Darian Harris. 2013. A white 6’6’’ sharpshooter in the mold of Haney. Plays in the AAU circuit with Nick Smith. Has drawn attention from many mid-major programs including Creighton Belmont, Creighton, Lehigh and even Nebraska or Oklahoma. All in all, a little bit more Hoosiers than Haney.

Darryl Hicks. A 3* prospect who has drawn more interest from mid-majors than from high-majors. An undersized shooting guard. Used to be considered as a shooter, he has now added more skills, improving his dribbling. Although a bit short for the shooting guard position, he is athletic enough to play the 2 spot as we can see in the following video.

Marki Bryan. An undersized power forward who has low majors as his more realistic college options as of now. We have heard Seth Greenberg, head coach at Virginia Tech has taken a look at him, so knowing the type of player Seth likes, he must be a hustler. Played at the ESPN Rise last week against some of the nation’s finest. Can shoot from midrange and play around the baseline. He’s not afraid of contact.

He’s the big white guy wearing the #50.

Derrick Walton. A pure point guard Michigan-bound. He’s ranked among the top100 players in his class for both ESPN and Rivals. He’s small, a good shooter though.

Collin Hartmann. A 3* 2013 prospect from Indiana. The same kind of player we mentioned previously with Haney and Harris, a 6’7’’ white swingman. He doesn’t look as a pure shooter though, and more as an athletic swingman. He’s ranked among the top 100 player in his class for Rivals.

I have the feeling they will use an 8-9 men rotation, starting Walton and Clark in the backcourt with Hartmann, Willis and Nichols in the frontcourt. I expect the typical American defense using a lot their hands, but giving space if their rival can handle and move the ball correctly. In the offense, I think they will try to run as much as possible, and in 5 on 5 situations will play 1on1, pick and roll, and their guards will shoot lots of three pointers. Nothing new in this kind of American teams that lack practicing time.

They should be able to finish between the first eight teams, but cannot see them playing for the medals. They will miss the home court advantage for sure.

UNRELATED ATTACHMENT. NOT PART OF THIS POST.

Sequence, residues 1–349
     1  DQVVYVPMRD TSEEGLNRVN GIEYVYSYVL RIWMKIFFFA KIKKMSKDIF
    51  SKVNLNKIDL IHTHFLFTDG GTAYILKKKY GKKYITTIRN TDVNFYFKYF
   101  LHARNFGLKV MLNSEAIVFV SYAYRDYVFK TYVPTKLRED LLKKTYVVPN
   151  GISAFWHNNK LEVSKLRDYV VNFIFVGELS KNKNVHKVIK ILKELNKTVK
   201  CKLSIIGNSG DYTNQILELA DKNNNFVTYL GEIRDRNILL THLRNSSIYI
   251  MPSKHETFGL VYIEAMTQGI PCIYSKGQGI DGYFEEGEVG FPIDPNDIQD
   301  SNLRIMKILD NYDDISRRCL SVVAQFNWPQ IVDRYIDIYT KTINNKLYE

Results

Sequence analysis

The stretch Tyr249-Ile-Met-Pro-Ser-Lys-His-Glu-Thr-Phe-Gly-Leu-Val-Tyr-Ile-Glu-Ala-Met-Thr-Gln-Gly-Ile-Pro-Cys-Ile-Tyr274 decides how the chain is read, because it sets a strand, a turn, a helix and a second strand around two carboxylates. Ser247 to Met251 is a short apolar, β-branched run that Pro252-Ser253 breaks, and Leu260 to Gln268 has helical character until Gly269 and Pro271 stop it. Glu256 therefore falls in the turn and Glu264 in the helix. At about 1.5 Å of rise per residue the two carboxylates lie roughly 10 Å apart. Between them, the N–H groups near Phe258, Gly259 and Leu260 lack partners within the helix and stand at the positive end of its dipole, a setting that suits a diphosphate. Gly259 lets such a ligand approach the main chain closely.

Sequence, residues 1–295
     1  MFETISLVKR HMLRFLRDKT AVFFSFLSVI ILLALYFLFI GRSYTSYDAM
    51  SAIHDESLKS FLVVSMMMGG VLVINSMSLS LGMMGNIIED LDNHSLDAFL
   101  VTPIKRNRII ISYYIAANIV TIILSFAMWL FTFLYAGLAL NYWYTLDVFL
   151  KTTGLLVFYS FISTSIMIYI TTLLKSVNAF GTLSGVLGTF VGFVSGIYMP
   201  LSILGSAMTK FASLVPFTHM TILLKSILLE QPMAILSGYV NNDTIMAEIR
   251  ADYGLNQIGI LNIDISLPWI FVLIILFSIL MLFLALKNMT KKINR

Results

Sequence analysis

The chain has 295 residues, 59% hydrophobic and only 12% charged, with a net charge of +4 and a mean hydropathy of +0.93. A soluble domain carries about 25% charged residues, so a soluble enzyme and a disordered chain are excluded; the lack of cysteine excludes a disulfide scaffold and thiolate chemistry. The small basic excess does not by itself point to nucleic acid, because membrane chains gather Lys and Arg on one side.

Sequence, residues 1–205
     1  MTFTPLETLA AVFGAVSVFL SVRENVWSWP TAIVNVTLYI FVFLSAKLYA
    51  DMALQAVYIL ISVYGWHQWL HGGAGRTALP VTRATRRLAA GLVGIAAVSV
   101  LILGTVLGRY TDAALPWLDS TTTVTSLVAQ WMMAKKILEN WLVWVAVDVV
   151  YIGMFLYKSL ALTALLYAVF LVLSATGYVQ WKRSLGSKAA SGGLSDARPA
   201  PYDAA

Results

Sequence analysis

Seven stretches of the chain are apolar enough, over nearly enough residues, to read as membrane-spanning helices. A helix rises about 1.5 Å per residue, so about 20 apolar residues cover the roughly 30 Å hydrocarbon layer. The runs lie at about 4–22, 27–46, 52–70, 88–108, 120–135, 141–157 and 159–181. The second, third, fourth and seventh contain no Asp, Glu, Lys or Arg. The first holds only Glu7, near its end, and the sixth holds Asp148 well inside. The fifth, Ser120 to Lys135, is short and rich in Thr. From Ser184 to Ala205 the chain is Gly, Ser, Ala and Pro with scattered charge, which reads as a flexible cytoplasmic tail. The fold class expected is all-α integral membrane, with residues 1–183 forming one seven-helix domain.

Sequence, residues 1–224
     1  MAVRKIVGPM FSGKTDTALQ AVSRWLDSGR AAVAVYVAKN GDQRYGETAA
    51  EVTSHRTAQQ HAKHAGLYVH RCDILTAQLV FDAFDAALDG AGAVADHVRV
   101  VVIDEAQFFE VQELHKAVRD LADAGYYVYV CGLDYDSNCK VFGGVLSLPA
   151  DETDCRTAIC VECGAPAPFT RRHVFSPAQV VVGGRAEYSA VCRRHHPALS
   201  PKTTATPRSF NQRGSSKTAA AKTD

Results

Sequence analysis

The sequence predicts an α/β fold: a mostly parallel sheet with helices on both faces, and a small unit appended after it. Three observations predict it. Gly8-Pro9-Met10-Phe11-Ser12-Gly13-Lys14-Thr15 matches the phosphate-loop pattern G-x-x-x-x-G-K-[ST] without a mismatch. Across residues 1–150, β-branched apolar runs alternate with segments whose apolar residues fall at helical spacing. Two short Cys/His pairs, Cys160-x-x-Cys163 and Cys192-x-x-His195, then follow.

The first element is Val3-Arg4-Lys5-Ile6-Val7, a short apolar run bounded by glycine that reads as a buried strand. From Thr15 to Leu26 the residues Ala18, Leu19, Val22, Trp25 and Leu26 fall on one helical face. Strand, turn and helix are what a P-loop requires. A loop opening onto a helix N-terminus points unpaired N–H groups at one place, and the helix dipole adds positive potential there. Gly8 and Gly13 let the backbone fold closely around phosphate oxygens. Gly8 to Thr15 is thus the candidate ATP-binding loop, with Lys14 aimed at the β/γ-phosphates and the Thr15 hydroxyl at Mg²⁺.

Juan Cobos writes regularly about European players in the US College system. He contributes to several websites, among them for example.

5 responses so far ↓

  • 1 carlo // Apr 5, 2012 at 1:50 pm

    Sharing your evaluation on this young weak team, confirmed by yesterday’s test-game (Germany-USA 93-66).
    Very interesting coverage indeed.

  • 2 Don Turner // Apr 5, 2012 at 8:19 pm

    Its about time USA WAKE UP and send the
    McDonald’s current team to Germany and kick a–

  • 3 Christophe // Apr 5, 2012 at 8:23 pm

    that would be great

  • 4 Tommy Brown // Apr 6, 2012 at 8:20 pm

    Thats a great way to welcome your guess ,but your kids there turn pro at 13 thats why they come to usa to toughing up you saying typical usa teams , these guys are potiental mcdonald all americans you down them like that wow, thats why you write

  • 5 carlo // Apr 7, 2012 at 8:31 pm

    Interesting analysis of US team on
    but with some remarks:
    1) 2012 US roster is made by 11 HS players only, this means a spot for one DoDDS player could have been available, as mentioned by Christophe as well;
    2) Until 1971 US teams were made just by DoDDS players and after the poor cumulated results it was in 1973 that 8 (not 10) US HS players were assembled together with 4 DoDDS cagers. And that year USA won the tourney, led by future NBA standout Kent Benson, MVP Bill Langloh and Ulice Payne and coached by Dick Stewart. Afaik DoDDS quota was reduced to two players at the beginning of 1990s.